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Axes and Hatchets

Axe For Survival

Why would you carry an Axe in your survival pack or bug out bag? I see that there is a debate going on in some forums about whether to carry an axe or a machete in your survival gear. My preference is to carry an axe most of the time in my bush gear. I have a machete but hardly ever carry it or even use it. My axe preference is based on carrying an axe for over 50 years and using for many tasks. The tasks that can be performed with my axe are almost endless.

It does make a difference where you are going, for instance I have spent my life wandering around the Boreal forest and the West Coast of Canada. If I were to take a trip or relocate to say South America and had to work myself through a tropical forest I would probably change to a machete. 

As far as I am concerned my axe is number 1 on my survival kit list. It is even in many cases more important that a knife, even though I am never without a knife. 

The axe I prefer to carry is a Hudson’s Bay style. This axe has a 2 pound head and about at 24 to 26 inch wooden handle. This axe is light enough to carry in your hand, lash to your pack or carry on a specially made carrying strap. This axe can do just about everything. You can get it sharp enough to shave with, it can be used to skin game, it can quarter a big game animal, it can cut down trees, it can split firewood and many of the log houses built in the old days were built with this little axe. 

This axe is the preferred axe of trappers, hunters, canoeists, and campers all over the world. All of the best axe makers of the world make a version of this axe, and all of the best ones have a wooden handle. The beauty of a wooden handle is that it absorbs vibration and can be replaced if it gets damaged or broken. If your wooden handle gets broken, you can make a new one using the axe head and any chunk of wood that is handy. 

It is important to have at least a blade sheath for your axe. The sheath is usually made of good leather and will keep the axe from cutting things it shouldn’t, like the operator and adjacent equipment and gear. The sheath usually comes with belt loops but because of the length of the handle this axe is a little long to wear on a belt. 

It is also important to learn to use your axe properly. I have watched several people using an axe and recently I see several videos posted online that show and are teaching improper axe handling. It is too bad that these misguided people are posting dangerous practices on the internet. These teachings will lead to people getting hurt or will make people dislike axes. 

In fact when I went to Youtube to add a video to this post I found only videos that are teaching unsafe axe handling practices. When you learn how to use an axe properly, the axe will become one of your favorite tool to carry in the woods and add to your survival kit.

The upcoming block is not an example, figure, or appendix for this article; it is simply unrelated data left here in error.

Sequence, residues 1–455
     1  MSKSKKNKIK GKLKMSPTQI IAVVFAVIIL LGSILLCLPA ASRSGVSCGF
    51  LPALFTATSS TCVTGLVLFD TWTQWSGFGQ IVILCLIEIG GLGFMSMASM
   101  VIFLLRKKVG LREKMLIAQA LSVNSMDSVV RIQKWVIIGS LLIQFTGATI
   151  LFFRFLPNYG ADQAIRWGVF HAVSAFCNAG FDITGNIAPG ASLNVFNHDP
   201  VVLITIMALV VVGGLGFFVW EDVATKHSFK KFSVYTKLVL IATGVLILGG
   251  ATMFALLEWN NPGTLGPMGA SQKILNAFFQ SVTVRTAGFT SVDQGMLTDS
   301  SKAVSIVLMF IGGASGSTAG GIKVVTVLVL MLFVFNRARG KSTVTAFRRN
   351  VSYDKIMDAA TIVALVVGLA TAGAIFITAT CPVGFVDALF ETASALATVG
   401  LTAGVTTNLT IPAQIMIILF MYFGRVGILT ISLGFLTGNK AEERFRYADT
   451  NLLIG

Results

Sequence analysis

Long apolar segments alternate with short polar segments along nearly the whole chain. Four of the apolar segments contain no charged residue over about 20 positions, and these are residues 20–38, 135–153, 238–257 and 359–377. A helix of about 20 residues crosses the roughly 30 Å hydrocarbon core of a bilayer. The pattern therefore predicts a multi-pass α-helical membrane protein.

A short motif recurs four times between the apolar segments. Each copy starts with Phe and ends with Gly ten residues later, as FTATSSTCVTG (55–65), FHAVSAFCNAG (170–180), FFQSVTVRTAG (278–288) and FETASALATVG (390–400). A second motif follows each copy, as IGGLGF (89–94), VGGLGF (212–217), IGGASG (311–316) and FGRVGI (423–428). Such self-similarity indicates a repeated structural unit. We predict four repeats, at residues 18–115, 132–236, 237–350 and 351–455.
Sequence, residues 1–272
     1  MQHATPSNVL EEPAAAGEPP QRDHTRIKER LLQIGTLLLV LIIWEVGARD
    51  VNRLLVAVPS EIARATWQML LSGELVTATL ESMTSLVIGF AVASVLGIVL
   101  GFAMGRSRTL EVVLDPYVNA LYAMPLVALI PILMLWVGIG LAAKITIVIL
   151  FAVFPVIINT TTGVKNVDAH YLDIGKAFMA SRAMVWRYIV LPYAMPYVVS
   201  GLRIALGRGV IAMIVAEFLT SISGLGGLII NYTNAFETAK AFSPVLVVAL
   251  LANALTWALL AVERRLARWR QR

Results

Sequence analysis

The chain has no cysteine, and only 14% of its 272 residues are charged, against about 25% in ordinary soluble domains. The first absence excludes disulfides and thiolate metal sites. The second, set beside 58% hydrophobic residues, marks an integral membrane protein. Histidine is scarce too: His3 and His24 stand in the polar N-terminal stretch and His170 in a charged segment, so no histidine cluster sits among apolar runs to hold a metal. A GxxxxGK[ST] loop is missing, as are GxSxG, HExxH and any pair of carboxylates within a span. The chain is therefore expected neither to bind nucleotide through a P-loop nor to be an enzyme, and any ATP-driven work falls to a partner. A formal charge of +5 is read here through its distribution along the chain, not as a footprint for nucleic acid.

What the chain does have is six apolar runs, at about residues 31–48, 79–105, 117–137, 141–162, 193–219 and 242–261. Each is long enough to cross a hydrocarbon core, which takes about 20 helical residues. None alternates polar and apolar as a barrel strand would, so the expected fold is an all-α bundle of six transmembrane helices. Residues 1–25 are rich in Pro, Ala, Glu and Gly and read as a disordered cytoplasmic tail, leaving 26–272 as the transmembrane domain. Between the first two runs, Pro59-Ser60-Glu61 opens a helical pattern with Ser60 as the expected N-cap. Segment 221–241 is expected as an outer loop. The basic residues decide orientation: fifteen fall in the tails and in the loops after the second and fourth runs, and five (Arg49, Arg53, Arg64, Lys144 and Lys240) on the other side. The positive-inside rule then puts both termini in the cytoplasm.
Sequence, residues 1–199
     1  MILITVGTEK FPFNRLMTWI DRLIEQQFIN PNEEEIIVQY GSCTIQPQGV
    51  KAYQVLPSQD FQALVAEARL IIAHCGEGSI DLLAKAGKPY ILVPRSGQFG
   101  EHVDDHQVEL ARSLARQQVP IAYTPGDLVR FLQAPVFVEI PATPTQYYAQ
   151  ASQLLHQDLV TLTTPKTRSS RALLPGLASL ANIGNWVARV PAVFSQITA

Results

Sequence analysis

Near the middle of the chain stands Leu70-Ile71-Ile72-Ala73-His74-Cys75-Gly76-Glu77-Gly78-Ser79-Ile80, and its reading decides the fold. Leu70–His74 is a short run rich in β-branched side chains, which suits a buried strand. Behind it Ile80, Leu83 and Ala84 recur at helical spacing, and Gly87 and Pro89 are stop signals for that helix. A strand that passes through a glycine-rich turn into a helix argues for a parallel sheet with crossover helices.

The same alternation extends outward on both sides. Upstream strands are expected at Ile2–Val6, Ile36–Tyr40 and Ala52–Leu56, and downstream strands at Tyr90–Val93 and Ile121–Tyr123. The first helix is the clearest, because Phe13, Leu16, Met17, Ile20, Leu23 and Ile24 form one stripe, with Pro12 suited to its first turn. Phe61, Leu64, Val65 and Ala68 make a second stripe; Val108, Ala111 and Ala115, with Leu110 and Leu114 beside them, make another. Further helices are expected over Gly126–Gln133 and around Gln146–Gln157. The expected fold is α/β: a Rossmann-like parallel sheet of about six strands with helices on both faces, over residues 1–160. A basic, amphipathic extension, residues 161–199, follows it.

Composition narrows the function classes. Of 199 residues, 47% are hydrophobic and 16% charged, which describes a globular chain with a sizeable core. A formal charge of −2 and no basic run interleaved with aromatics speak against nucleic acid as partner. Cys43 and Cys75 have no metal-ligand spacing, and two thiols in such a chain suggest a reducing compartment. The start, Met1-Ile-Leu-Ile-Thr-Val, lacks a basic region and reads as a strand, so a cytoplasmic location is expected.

Another thing about axes is that they are really easy to maintain. They are simple, they have a head and a handle. The head is made of steel and can be sharpened using any sharpening stone, file or grinder. In fact there are files called axe files that are specifically made to sharpen axes. In a pinch an axe can also be sharpened by using a rock.

The axe handle is made of hardwood, usually Hickory, that has a fairly straight grain. If an axe handle has a section of cross grain, it is likely to break easily. When buying an axe try to choose one that has straight grain running from one end of the handle to the other. Your axe head is held on the axe handle by friction. The friction is increased in the head by the use of wedges. The wedges can be made of wood or metal and are driven in to the end of the handle flush with the axe head. 

Axe maintenance is really simple. The head of the axe is made of steel is virtually maintenance free. If it gets wet and gets rusty, simply remove the rust using a file, sandpaper or a grinder. If it gets muddy just wipe the mud off. There is no need to shine up an axe head.

To maintain the handle, it is recommended that you rub it with either raw or boiled linseed oil. If the handle gets splinters, the best way to remove them is to use sandpaper to remove them and smooth out the sharp edges. You want your axe handle to be smooth, as proper axe handling requires you to move your hand along the length of the axe when using it. You can also use the linseed oil to keep your axe sheath in shape. 

Like most tools in your survival gear, axes are sharp and can be very dangerous. The best way to learn to use an axe safely is find a person locally that can teach you proper axe usage. I DO NOT recommend any of the video instruction on the internet. Like any other tool or process the best way to get good at using an axe is to go out and use it. 

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